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I am using Oriental's PK-243-03A stepper motor in bipolar series configuration. The rated current of the motor is 0.31A/phase according to its datasheet. My question is if I am supplying it with 12V, then what is the maximum current I can run my motor on? For both the phases to be on i.e. in full stepping my motor should draw 0.62A, isn't it? Is it okay if I supply my motor 2.5A? I have seen people saying that its okay to drive stepper on higher currents, like this guy here on this forum

http://www.cnczone.com/forums/stepper-motors-drives/129864-doubt-regarding-stepper-motor-current-rating.html

But I have also read some totally contradicting views regarding high currents like in this article here http://smoothieware.org/cnc-mill-guide, it says

Each stepper motor model has a precise current rating. You can drive your stepper motor at a lower current, which will make it more silent, but also less powerful. But you can not drive the motor at a higher current than it is rated at, this would cause overheating, and possibly skipped steps

What is the correct way? higher currents or no higher currents? Really confused.

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    \$\begingroup\$ At 38 ohms per winding, how are you going to pass 2.5 amps through it? You'd need almost 100V. If yau're asking, is it safe to use a 12V supply rated at 2.5A, then yes it is. Because the motor will only take 12V/38 ohms, about 0.3A per winding. \$\endgroup\$ – Brian Drummond Jan 9 '15 at 11:42
  • \$\begingroup\$ Are you sure about the fact that the motor will take 12V, 0.3A/phase? Because I was using a supply for this one motor which was above its rated current, and my motor got hot. I searched around forums and it was advised not to use a supply above the rated current for the motor. \$\endgroup\$ – alexhilton Jan 9 '15 at 12:08
  • \$\begingroup\$ Easy to check. Measure the resistance of a winding. Compare it with the value in the datasheet you linked. If it's the same (within 10%) you're OK. If not, that isn't the motor in the datasheet and all bets are off. And steppers do get hot. 50-60C is about normal for full power on both windings. If you mean sizzle-when-you-spit hot, that's another matter. \$\endgroup\$ – Brian Drummond Jan 9 '15 at 12:13
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Based on what can be gleaned from the website you linked you ought not to exceed the phase current specified. This is how I see but if you can find proper data sheets, they might tell a different story.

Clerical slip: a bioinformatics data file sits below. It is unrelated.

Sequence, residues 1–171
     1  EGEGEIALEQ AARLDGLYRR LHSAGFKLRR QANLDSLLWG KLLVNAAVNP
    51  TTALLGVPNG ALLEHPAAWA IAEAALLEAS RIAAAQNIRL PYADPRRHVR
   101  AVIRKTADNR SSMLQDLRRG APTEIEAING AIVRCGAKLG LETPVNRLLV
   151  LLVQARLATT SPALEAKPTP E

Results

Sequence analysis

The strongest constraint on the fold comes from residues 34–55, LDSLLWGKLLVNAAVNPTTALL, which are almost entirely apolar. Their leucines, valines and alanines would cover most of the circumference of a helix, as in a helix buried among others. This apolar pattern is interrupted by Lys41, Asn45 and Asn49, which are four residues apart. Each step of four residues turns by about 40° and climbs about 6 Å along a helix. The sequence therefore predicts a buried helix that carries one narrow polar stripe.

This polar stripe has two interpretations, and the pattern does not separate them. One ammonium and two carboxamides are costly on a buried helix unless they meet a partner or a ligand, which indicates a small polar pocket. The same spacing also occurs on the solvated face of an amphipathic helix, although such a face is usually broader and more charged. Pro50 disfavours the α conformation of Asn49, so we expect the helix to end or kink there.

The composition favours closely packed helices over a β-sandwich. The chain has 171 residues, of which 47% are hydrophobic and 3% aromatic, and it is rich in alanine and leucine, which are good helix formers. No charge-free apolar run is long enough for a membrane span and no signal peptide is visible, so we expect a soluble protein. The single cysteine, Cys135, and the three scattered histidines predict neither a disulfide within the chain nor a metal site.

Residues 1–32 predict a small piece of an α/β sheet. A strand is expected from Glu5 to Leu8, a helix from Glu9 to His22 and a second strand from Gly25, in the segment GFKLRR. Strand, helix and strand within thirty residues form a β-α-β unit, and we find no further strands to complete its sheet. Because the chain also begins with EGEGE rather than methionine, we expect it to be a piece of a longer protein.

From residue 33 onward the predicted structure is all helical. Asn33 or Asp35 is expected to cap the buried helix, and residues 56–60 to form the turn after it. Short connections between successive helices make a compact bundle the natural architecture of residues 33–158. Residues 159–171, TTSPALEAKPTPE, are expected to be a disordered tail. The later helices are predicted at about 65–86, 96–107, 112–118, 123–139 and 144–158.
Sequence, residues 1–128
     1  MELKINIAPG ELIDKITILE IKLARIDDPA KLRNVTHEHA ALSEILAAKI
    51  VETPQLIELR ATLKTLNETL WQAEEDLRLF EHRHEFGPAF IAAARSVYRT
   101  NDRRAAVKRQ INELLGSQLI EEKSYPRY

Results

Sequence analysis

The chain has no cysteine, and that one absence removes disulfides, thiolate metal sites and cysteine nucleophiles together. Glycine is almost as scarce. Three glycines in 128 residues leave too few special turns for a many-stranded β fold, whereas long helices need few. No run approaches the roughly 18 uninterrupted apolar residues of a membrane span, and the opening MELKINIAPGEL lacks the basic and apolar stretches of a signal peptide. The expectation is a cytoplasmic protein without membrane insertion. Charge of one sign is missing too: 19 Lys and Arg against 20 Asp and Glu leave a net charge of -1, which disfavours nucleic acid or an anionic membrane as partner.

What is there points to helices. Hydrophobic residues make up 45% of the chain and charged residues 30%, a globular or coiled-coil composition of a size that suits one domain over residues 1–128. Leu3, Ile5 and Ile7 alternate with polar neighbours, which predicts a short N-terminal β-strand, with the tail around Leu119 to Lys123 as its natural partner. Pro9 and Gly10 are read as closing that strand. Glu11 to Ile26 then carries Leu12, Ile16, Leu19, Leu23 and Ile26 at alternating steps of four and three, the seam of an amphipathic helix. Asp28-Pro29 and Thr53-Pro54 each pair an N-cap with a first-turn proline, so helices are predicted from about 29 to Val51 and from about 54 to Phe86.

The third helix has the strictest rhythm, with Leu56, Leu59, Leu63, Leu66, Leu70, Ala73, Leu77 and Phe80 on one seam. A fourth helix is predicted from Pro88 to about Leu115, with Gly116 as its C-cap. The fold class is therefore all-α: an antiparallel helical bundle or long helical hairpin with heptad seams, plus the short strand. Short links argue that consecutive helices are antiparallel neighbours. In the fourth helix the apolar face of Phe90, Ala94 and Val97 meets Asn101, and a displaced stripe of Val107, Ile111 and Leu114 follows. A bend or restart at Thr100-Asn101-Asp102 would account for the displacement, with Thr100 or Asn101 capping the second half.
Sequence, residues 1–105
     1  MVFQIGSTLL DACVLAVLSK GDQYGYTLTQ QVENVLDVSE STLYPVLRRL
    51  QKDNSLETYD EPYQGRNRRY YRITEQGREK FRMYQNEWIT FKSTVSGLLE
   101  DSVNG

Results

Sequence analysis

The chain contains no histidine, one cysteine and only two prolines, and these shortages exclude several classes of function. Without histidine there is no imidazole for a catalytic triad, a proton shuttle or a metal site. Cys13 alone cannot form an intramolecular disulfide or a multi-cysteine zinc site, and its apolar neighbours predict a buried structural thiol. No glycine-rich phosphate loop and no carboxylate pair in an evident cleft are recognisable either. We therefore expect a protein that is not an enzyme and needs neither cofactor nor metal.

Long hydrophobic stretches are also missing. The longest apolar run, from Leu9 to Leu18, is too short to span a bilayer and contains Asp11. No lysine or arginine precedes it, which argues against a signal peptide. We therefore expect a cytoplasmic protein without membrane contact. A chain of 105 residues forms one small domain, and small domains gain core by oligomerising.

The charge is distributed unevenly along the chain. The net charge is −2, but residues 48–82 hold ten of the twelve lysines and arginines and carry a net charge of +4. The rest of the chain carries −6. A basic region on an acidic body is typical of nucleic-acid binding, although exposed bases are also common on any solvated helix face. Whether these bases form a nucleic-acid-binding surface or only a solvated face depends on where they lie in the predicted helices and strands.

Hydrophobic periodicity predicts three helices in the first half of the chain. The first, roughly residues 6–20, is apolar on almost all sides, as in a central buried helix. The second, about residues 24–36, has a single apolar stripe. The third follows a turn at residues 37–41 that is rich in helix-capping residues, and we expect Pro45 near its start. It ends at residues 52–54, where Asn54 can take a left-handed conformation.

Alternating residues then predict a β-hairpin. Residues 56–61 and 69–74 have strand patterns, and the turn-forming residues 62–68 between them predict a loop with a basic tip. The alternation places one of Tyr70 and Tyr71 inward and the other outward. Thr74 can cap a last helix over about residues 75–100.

Firstly look at the torque-speed curve (linked on the page): -

enter image description here

If you do the math, you'd calculate that the maximum mechanical output power is about 1 watt (100 rpm and 0.1 N.m = 1.047 watts). This is about the same at 200 rpm ( 200rpm and 0.06 N.m = 1.26 watts). At 400 rpm output power is 0.837 watts hence, you can see the max output power is 1.26 watts.

With a coil current of 0.31 amps per phase and a coil resistance of 38.5 ohms (as stated), the power (heat generated not mechanical power) is 0.31^2 x 38.5 watts = 3.7 watts and this means your stepper motor can be running quite hot.

Having said that, this "apparent" inefficiency (some simplification and assumptions made here) of about 25% will not be at optimum mechanical output. At optimum power output ( I reckon about 100rpm), the power in will be about 2.1 watts assuming a peak efficiency of about 60%. This is about "normal" for steppers of this type.

So, if you are always going to be running about 100 rpm, the current into the coils will be lower than 0.31 amps BUT, the details in the link are really unclear about this so caution should be taken.

Conclusion - I don't think you can dare run the coils at more that 0.31 amps based on what the specification says. I recommend finding out more about the device. Try looking at one from a regular supplier i.e. one that has a proper pdf data sheet and deciding what information that data sheet provides that this one doesn't.

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  • \$\begingroup\$ Hey that was a pretty cool explanation, makes sense. But if you notice the comments above, according to Brian regardless of what supply I use the motor will draw only 0.31 A because it has a winding resistance of 38 ohms. But you have brought in the speed factor as well, what do you think about that? \$\endgroup\$ – alexhilton Jan 9 '15 at 12:28
  • \$\begingroup\$ No, what Brian saying is that from a 12V supply, with a resistance of 38.5 ohms, the current, due to ohms law will be 0.312 amps. If you doubled the voltage you'd get twice the amps. However, if you are pulse-stepping the motor (as normal), the inductance of the coil slows the rate of change of current and you might find that at a high stepping rate the current can be 0.31 amps at 15 volts or thereabouts. Does the spec detail give winding inductance? I can't remember. \$\endgroup\$ – Andy aka Jan 9 '15 at 17:16
  • \$\begingroup\$ No there is no detail about winding inductance.Will it be appropriate to give it more current? what if I go for microstepping too. Will it require more current than 0.31A? please elaborate in a simplified way. \$\endgroup\$ – alexhilton Jan 11 '15 at 15:23
  • \$\begingroup\$ I can't suggest any more current than 0.31 amps. Without knowing the inductance you can't predict how to apply larger voltages than 12v (but for shorter periods). \$\endgroup\$ – Andy aka Jan 12 '15 at 9:13

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